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Home > Chemistry > Acids > Acids and alkalis


Acids and alkalis


Sulphur dioxide

Sulphur dioxide is produced when fuels that contain sulphur compounds burn. It is a gas with a sharp, choking smell. When sulphur dioxide dissolves in water droplets in clouds, it makes the rain more acidic than normal. This is called acid rain.

Remember, acid rain contains other non-metal oxides, e.g., carbon dioxide.

Effects of acid rain

Acid rain reacts with metals and rocks such as limestone. Buildings and statues are damaged as a result. Acid rain damages the waxy layer on the leaves of trees and makes it more difficult for trees to absorb the minerals they need for healthy growth. They may die as a result. Acid rain also makes rivers and lakes too acidic for some aquatic life to survive.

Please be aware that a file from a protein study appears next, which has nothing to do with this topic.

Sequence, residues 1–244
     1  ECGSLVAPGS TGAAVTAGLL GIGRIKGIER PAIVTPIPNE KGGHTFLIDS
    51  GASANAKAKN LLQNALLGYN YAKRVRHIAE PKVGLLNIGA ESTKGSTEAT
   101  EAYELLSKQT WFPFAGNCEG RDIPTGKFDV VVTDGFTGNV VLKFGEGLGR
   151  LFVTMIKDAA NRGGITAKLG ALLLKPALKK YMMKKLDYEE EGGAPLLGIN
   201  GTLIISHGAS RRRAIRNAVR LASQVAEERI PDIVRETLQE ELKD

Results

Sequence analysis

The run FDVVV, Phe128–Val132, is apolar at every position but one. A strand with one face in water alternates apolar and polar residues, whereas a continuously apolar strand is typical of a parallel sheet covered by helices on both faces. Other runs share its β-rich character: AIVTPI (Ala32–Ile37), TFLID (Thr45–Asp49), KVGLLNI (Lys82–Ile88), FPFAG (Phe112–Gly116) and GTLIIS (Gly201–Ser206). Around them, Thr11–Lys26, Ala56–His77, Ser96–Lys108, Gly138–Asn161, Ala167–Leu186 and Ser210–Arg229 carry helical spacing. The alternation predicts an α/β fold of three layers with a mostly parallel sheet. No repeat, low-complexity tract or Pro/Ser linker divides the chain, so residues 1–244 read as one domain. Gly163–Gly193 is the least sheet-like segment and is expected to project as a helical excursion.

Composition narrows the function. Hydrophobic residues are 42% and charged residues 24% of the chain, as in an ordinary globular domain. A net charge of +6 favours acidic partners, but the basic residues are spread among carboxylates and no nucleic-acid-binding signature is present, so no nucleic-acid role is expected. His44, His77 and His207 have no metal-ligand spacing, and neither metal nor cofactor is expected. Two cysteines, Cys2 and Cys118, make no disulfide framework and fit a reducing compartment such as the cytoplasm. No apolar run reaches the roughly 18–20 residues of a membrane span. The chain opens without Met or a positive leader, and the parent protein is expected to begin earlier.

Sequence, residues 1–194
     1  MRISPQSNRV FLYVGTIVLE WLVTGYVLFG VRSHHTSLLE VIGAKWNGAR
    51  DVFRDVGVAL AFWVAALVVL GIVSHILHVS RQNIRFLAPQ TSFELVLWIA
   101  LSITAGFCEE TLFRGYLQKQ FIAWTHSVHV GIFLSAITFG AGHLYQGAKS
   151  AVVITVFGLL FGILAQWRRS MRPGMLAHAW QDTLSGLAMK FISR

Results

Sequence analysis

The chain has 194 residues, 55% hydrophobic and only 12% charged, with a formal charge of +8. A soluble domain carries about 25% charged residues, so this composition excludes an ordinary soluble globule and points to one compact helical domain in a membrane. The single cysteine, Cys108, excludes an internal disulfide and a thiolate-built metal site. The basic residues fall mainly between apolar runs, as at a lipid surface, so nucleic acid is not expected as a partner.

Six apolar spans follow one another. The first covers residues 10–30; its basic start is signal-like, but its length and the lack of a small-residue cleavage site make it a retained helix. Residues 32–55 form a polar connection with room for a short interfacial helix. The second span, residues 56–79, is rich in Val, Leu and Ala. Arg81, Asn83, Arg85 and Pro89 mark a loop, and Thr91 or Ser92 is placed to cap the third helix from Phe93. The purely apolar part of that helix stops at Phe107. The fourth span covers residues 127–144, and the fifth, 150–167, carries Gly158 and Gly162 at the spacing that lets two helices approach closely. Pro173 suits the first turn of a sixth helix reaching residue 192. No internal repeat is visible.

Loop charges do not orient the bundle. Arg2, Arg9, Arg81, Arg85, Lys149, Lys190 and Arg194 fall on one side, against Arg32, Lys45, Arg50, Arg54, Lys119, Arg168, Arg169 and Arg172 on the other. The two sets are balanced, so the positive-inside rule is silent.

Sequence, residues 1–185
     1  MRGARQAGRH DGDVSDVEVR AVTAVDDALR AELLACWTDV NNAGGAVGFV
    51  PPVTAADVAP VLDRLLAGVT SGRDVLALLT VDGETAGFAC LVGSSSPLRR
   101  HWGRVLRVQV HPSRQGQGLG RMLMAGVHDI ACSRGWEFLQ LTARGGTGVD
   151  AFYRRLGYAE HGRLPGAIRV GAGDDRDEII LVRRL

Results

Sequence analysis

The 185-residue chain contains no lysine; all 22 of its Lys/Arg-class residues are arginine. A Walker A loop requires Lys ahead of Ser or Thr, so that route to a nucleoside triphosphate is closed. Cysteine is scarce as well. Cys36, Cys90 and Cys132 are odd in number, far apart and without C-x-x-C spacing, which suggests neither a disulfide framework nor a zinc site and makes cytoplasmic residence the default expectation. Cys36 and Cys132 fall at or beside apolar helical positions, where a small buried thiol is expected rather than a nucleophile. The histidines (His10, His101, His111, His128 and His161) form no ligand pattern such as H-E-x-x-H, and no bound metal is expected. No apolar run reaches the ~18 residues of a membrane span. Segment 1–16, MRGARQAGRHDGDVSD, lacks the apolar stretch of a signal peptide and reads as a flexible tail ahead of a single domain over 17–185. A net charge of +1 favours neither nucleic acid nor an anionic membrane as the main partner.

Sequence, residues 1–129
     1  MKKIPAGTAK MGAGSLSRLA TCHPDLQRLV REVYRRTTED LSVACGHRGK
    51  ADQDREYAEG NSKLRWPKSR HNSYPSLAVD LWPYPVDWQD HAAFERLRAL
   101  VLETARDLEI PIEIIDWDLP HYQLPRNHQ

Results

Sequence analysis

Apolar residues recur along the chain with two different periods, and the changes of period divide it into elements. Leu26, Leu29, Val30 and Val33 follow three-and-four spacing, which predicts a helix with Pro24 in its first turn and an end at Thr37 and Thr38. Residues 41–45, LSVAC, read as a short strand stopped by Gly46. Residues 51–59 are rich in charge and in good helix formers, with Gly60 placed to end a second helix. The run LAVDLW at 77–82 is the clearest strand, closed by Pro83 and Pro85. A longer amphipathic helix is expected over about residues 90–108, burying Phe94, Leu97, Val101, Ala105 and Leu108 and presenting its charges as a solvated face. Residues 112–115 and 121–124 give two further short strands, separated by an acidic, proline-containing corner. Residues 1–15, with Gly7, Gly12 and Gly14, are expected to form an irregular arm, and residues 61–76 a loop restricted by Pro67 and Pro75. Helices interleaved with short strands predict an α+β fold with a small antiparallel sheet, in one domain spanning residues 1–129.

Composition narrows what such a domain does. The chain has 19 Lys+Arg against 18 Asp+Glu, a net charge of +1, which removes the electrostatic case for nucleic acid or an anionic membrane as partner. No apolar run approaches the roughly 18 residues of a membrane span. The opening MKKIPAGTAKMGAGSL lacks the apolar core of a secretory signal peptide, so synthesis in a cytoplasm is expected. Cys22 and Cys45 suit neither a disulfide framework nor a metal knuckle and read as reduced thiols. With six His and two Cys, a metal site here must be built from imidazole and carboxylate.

The video below highlights the effects of acid rain in the United Kingdom.

Video: Pollution - acid rain

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Reducing acid rain

Sulphur dioxide can be removed from waste gases after combustion of the fuel. This happens in power stations. The sulphur dioxide is treated with powdered limestone to form calcium sulphate. This can be used to make plasterboard for lining interior walls, so turning a harmful product into a useful one.

This diagram shows the treatment of sulphur dioxide with powdered limestone. Waste gases from a power station are fed in to a chamber through one tube while limestone slurry is fed in through another. In the chamber, the sulphur dioxide in the waste gases reacts with the limestone slurry to produce calcium sulphate, which is drained, and clean gases which are then sent to the chimney.

Sulphur can be removed from fuels at the oil refinery. This makes the fuel more expensive to produce, but it prevents sulphur dioxide being produced. You may have noticed 'low sulphur' petrol and diesel on sale at filling stations.




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